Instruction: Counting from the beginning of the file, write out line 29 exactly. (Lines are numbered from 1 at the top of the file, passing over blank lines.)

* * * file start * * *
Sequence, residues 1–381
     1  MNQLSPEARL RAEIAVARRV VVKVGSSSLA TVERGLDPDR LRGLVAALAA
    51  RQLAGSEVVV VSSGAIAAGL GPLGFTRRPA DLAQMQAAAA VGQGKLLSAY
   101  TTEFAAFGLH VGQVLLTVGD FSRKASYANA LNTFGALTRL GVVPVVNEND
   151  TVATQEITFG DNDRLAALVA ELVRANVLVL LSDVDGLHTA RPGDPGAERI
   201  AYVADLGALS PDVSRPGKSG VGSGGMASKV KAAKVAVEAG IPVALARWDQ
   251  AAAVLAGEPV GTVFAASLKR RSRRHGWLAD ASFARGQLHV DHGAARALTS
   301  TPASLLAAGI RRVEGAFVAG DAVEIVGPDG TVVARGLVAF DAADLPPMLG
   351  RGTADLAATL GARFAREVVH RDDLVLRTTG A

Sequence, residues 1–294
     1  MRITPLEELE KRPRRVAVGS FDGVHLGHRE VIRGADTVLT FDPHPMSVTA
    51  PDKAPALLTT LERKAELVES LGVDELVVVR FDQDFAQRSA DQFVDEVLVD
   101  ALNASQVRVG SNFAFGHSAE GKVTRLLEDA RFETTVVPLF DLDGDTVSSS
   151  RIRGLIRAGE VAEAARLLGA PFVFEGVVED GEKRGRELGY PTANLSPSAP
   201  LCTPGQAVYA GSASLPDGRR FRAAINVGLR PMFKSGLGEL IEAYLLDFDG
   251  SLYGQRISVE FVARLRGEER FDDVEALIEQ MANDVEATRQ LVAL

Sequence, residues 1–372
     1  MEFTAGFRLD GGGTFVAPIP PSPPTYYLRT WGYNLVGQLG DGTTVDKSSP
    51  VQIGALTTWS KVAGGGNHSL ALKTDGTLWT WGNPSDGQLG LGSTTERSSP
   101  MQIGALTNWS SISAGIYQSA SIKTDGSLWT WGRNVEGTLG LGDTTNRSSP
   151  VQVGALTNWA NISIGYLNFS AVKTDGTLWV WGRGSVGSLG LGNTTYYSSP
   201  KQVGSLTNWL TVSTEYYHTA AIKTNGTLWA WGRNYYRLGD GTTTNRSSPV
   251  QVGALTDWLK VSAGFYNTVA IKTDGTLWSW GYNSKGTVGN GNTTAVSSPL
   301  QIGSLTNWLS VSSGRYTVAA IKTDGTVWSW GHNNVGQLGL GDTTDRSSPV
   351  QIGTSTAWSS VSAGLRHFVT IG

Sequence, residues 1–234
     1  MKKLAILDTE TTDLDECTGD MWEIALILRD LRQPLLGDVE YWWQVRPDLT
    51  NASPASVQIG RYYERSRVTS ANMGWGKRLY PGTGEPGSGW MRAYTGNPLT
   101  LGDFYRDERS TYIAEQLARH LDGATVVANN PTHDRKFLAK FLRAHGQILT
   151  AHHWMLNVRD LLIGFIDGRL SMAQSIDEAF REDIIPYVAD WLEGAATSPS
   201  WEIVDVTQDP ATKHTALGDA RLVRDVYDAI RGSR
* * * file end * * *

   101  LGDFYRDERS TYIAEQLARH LDGATVVANN PTHDRKFLAK FLRAHGQILT